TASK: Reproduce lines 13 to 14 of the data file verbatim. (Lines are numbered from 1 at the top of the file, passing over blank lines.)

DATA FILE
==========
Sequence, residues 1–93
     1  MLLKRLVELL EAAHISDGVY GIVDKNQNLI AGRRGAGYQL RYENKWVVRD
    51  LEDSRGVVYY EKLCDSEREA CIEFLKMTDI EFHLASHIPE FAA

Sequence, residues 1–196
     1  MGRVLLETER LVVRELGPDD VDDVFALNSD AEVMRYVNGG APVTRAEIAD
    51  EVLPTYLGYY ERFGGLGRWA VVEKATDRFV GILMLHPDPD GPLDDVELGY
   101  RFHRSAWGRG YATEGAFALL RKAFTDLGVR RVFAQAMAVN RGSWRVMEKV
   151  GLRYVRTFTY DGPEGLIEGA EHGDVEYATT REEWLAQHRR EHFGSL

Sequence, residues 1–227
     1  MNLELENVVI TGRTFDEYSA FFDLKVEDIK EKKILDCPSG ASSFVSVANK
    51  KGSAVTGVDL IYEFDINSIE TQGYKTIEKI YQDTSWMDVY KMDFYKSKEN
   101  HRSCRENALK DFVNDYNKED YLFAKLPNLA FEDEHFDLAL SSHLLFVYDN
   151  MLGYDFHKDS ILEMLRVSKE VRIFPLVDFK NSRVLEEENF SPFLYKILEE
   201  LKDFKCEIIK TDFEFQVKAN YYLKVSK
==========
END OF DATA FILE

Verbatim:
   151  MLGYDFHKDS ILEMLRVSKE VRIFPLVDFK NSRVLEEENF SPFLYKILEE
   201  LKDFKCEIIK TDFEFQVKAN YYLKVSK